Michelle Pepin - Directorate Policy Manager
From lecturing and PhD supervision to international secondments – we’ve given Michelle the variety and opportunities to thrive.
There’s variety, and there’s challenge. No two days are the same. Today, I’ve got this fantastic view of the University and the whole HE sector: a view that’s bigger and far wider than the one I started out with, when I first arrived
I genuinely believe I’ve got the best job at the University.
There’s variety, and there’s challenge. No two days are the same. Today, I’ve got this fantastic view of the University and the whole HE sector: a view that’s bigger and far wider than the one I started out with, when I first arrived.
And best of all, I’m near an airport, which means I’m also near skiing. I’m from South Africa, and that’s pretty much the main reason I left in the first place!
I have this weird thing where I set myself five-year targets. Back home, I decided that by the time I was 40, I wanted to be living in another country. And I do mean living; not just holidaying. A job, a house, a car – a proper life. I then decided that by the time I was 45, I had to have my PhD. It was non-negotiable. Thanks to NTU, I managed them both.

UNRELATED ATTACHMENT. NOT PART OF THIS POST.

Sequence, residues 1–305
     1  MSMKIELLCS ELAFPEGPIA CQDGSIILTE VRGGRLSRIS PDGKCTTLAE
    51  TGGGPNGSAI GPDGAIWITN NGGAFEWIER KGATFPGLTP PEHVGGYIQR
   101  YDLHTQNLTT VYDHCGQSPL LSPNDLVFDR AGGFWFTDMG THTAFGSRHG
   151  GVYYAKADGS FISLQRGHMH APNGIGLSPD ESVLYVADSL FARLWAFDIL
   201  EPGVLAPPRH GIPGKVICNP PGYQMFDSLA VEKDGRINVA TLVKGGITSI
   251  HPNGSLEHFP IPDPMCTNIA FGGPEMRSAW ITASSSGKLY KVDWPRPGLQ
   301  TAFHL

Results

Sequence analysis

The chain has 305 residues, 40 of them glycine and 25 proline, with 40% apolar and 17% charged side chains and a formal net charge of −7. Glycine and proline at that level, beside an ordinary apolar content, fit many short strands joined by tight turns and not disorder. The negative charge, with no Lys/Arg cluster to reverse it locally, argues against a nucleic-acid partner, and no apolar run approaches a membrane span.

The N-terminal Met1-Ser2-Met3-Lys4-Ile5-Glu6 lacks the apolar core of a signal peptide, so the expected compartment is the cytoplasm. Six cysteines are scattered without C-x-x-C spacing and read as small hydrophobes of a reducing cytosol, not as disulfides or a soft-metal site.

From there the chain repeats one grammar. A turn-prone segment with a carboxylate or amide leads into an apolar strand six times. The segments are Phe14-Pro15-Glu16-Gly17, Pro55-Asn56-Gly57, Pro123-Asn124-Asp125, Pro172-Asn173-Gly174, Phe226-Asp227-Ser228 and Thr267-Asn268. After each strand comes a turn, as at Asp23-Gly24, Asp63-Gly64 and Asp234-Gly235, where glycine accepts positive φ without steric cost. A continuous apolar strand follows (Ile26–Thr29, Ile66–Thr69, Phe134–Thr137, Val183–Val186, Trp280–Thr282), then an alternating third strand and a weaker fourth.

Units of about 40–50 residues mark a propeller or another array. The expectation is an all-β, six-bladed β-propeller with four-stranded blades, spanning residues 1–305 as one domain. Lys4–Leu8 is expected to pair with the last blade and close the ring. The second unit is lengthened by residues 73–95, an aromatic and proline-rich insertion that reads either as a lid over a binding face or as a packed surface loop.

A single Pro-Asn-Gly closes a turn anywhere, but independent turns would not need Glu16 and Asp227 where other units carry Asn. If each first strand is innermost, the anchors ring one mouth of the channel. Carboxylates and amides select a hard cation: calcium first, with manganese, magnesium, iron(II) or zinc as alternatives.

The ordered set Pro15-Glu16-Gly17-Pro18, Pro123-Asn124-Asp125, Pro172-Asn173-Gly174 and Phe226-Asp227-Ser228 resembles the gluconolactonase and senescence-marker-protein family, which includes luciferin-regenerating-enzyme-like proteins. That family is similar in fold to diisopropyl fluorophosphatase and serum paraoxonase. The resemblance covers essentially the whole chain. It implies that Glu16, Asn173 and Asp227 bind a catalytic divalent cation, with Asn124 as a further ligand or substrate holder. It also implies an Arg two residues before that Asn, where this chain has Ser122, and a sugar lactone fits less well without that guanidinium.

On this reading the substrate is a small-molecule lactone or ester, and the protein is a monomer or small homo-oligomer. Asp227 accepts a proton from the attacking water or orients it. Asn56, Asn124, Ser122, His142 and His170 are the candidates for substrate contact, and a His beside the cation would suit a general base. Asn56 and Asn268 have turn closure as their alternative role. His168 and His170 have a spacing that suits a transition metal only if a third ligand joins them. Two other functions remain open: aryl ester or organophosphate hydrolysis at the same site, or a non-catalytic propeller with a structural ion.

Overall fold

The University is really good at letting you do what you want to do, so long as you have the gumption to drive it through. The job I’m doing today pulls on all the friendships and connections I’ve made since I started here. It also draws on the same skills and qualities I developed as a student here – critical thinking, open-mindedness, and calmness under pressure. I can draw a direct line from my PhD in 2004 to my current job, and that’s a fantastic feeling.
I’ve been given the chance to take on so many different roles. I’ve lectured; I’ve worked in India on secondment; I’ve been back and forth to Malaysia. To this day, I’m still supervising PhD students. There’s this tremendous, institutional sense of excitement and support.
I’m not just here to pay my mortgage. I’m a naturally competitive person, and I want to see the University succeed. They trust me here – they value me, and let me get on with my work, whatever it is I’ve been doing. But they’re always available when I need them. That sense of balance is just perfect.